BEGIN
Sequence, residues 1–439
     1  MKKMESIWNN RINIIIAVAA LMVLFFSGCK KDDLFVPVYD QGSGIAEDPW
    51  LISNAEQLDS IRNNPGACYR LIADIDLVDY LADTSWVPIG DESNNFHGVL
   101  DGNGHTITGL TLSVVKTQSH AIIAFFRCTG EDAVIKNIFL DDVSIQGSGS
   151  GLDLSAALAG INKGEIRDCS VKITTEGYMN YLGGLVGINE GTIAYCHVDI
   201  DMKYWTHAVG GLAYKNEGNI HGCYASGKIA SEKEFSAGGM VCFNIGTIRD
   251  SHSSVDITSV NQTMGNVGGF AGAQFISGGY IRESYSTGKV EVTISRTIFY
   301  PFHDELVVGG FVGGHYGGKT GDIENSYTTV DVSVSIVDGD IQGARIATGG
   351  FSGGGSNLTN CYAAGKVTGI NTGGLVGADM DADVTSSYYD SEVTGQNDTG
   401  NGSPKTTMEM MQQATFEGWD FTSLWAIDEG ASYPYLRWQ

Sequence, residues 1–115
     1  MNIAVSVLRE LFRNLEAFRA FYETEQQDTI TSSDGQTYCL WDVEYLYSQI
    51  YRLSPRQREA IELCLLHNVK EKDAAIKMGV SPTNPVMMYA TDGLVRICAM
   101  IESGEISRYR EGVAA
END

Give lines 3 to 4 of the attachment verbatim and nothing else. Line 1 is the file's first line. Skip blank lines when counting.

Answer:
    51  LISNAEQLDS IRNNPGACYR LIADIDLVDY LADTSWVPIG DESNNFHGVL
   101  DGNGHTITGL TLSVVKTQSH AIIAFFRCTG EDAVIKNIFL DDVSIQGSGS